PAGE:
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" There was many a friend to lose him, « Of war, religion, or of LAW,

When that gallant soldier died, Without consulting ColumBA." But the maiden of his bosom."

Hoog, 31. CAMPBELL, 100. Try it again, Campbell. We offer anybody a sovereign in gold “ Pageant !-Let the world REVERE US who will interpret the first two lines For our people's rights and laws, of that bit of Campbell.

And the breasts of civic HEROES.

[AL Words ending in “spect” are odd. dermeň, we presume.] ly treated by both.

CAMPBELL, 94, and again 87. « Thou shalt not need one word to check,

Now, Hogg. Nor hear augkat but with due respect.”

“ If thou'rt a Cotquean, by my soul,

HOGG, 121. I'll split thy pruriginious nowl. “ No, said be, yon phantom's aspect,

HOGG, 269. Trust me, would appal thee worse ;

A third time, Tom. Held in clearly measured prospect."

“ I gazed, and felt upon my LIPS CAMPBELL, 181.

Th' unfinished accents hang,

One moment's bliss, one burning KISS. Hogg's rhyme is quite national, for it

CAMPBELL, 89. is known that the Scotch in general This is meant for rhyme, as will be sink the t in such words, saying, re- seen by referring to the poem, (poem!) spec', &c. but Campbell beats him where every first and third line rhyme. even in this piece of nationality. Who We are afraid that Hogg cannot ever heard such a rhyme southwards match that, yet we shall sport one. , as this

“ 'Mong all the dark and stern COMPEERS “ It bore a crucifix,

Of Odin's rueful WORSHIPPERS. Fame said it once had graced

HOGG, 93. An ancient temple, which the Picts." We have now concluded, and may CAMPBELL, 138.

safely ask if we have not redeemed our They have some peculiar ideas as to promise, to prove that no nation in the the word “ abroad.”

world ever before produced two such “ Go back, ye wolves, to your dens, he poems as Hogg's and Campbell's in cried,

the same inonth? But it would be a And tell the nations abroad

pity to part them without giving a How the fiercest of your herd has died, sample of their songs. Hogg shall go That slaughter'd the flock of God." first. They shall be both on love.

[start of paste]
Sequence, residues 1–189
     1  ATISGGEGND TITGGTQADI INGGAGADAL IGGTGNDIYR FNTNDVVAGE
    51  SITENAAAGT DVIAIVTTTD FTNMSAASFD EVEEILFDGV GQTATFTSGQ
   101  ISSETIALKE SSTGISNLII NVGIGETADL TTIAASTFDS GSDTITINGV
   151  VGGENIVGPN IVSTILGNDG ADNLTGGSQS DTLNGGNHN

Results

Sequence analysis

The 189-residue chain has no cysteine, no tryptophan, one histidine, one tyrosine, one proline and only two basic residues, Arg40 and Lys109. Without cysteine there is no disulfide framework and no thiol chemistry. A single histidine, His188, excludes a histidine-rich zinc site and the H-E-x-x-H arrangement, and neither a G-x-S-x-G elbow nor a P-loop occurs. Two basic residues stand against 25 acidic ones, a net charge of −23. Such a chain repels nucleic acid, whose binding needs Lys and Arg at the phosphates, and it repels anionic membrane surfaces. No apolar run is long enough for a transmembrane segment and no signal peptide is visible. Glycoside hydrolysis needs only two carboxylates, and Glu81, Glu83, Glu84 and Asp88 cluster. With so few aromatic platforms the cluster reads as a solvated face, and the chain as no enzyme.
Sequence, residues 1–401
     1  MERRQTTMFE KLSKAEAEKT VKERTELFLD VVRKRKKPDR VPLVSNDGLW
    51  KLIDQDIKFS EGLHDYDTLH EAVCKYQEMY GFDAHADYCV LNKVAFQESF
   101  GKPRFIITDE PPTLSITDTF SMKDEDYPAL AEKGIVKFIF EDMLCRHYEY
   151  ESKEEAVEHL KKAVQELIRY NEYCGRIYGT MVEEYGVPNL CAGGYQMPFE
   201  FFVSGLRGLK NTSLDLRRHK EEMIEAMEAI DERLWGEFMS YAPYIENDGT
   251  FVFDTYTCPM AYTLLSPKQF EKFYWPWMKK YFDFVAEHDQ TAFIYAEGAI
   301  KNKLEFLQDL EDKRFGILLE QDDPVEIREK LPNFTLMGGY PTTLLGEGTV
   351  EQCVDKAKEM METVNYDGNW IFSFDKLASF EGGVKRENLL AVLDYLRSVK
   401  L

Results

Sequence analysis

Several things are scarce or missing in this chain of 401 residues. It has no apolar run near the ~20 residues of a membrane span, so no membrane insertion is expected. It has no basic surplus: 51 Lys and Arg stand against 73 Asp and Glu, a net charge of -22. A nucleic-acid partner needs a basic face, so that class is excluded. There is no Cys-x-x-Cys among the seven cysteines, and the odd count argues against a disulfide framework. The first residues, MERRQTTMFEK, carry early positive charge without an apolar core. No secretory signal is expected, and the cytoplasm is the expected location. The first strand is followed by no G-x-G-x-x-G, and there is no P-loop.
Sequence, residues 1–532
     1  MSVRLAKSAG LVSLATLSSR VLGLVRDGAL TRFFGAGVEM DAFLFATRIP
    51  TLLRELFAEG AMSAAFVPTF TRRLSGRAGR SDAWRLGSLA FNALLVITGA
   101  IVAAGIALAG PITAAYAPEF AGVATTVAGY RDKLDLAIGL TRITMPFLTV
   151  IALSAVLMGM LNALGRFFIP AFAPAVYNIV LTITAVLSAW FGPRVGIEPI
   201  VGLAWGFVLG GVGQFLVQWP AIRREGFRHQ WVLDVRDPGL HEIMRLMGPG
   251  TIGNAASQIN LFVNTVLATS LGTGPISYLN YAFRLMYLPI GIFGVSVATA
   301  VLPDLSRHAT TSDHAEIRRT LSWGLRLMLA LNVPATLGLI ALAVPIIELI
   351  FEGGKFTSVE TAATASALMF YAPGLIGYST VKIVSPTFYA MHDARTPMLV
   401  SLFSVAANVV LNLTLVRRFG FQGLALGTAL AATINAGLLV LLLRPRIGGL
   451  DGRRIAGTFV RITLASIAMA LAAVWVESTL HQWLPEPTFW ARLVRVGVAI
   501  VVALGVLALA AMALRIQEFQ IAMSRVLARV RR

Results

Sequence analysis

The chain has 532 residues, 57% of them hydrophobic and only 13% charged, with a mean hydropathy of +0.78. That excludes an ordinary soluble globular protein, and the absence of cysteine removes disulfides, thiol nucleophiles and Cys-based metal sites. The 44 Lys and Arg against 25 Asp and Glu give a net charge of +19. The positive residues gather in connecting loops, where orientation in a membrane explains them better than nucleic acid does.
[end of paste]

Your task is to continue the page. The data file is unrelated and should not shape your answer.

CAMPBELL, 147. “ 0, come, gentle maiden, “ But darker paths are to be trod, [It must be pronounced “ midden,for For darker doings are abroad."

the rhyme.] Hogy, 268

Of lovely Dunedin, But we should be quoting the whole Array'd in thy beauty and gladdening books did we go on. Campbell rhymes "bouquetin” to “between,"and"route" Thine the control I list, to “out,” thereby shewing his know- Lovely mythologist ! ledge of French pronunciation. He Thine the monition that never beguiles." also favours us with “ pair” and Very good, indeed. Now, Mr prepare,"

page," Campbell. We request our readers to « break” and “ neck,” break” and sound the s's as strong as they can, wreck,

" " Devons” and “ ravens," and remember that this is a song to be “ human” and “ woman,” and five sung. hundred. others, in consequence of

“ Love's a boundless burning waste, which we hereby new christen him Where Bliss's stream we seldom taste, Thomas the Rhymer. Hogg gallops

And still more seldom flee. away in every page at such a rate that Suspence's thorns, Suspicion's stings, it is needless to hunt out particulars. Yet somehow love a something brings, Cull we, therefore, a flower or two

That's sweet, even though we sigh

Woe's ME!" from each, and desert. " Again to the battle, ACHAIANS,

To be sung to music, it must be the Our hearts bid the tyrants deFIANCE.”

music of a saw.

CAMPBELL, 84. “ Farewell, sweet bards, farewell, ye Match that, Hogg, if you can. Ay,

dulcet strains, ay, sir, says Hogg.

Anoaken staff each hoisting for his pains."